Totalitarianism is a specific feature of modern authoritarian regimes, one that not all authoritarians use. The intent is to create a system in which the behavior, beliefs, and even the very thought patterns of citizens are controlled by the government: through propaganda, elimination of opposition, and vast surveillance. Totalitarianism is extremely time and effort consuming; it implies degrees of Machiavellianism and paranoia that not every potential leader shares.
Most authoritarian leaders (kings, emperors, dictators, and such) are content to rest on institutions. They anticipate that average citizens will naturally fall in line with establish rule, respecting the institution of authority, and they are not usually disappointed. People have a (fortunate or unfortunate) tendency to go along with the status quo; I'm reminded of the case of Emperor Norton, who declared himself King of the US (and Protector of Mexico), and was thoroughly indulged in that pretense by the people of San Francisco for a short time. A typical king doesn't think twice about whether his citizens are loyal, because he is the king and citizens are loyal to kings. There is simply no question to it.
A totalitarian, by contrast, is disconcerted by the concept of disloyalty. He sees everyone as a potential threat, everyone as a potential enemy, and thus goes to excessive lengths to discover, identify, and root out anyone who might be disloyal. It is an intrinsically consuming, paranoid worldview that calls for ever-increasing, every-paranoid monitoring of practicality everyone.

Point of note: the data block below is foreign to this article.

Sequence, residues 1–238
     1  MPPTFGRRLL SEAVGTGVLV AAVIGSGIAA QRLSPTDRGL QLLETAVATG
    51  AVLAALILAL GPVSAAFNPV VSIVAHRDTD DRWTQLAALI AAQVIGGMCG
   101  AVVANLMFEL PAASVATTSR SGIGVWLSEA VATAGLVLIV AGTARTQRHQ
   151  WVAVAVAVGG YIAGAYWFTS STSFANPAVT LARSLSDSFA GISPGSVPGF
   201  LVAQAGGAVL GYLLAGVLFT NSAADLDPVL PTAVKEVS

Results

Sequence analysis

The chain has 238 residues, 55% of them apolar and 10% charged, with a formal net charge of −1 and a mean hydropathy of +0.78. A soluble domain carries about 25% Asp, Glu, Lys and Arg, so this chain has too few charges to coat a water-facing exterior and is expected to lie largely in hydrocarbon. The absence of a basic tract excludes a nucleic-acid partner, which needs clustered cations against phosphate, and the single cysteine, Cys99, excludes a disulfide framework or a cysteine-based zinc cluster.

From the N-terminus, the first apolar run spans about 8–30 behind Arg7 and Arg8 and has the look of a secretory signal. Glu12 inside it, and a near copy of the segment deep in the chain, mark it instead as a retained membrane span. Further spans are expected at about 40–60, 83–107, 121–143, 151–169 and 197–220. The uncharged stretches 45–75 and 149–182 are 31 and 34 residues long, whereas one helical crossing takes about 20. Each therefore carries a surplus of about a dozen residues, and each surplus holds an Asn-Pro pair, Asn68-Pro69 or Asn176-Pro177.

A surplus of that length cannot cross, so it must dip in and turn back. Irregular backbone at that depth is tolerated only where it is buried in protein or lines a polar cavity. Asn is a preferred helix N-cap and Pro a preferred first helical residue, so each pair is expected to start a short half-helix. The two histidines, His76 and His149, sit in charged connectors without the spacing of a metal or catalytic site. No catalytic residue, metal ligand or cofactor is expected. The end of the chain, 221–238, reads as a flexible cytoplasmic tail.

Most dictators are not totalitarians because:
- they lack the bureaucratic technology to truly surveil the population as a whole, and...
- they implicitly assume that the typical citizen loves them and loves their rule, so that there is no need to fear the populace as a whole
Most dictators lack that paranoid strain in which everyone is a potential threat, and thus everyone must be monitored, so they lack any effective reason to engage in the complex, resource-intensive, and extremely difficult task of watching everyone. Better to spend time and money acquiring new weapons than building large databases of more-or-less uninteresting citizens.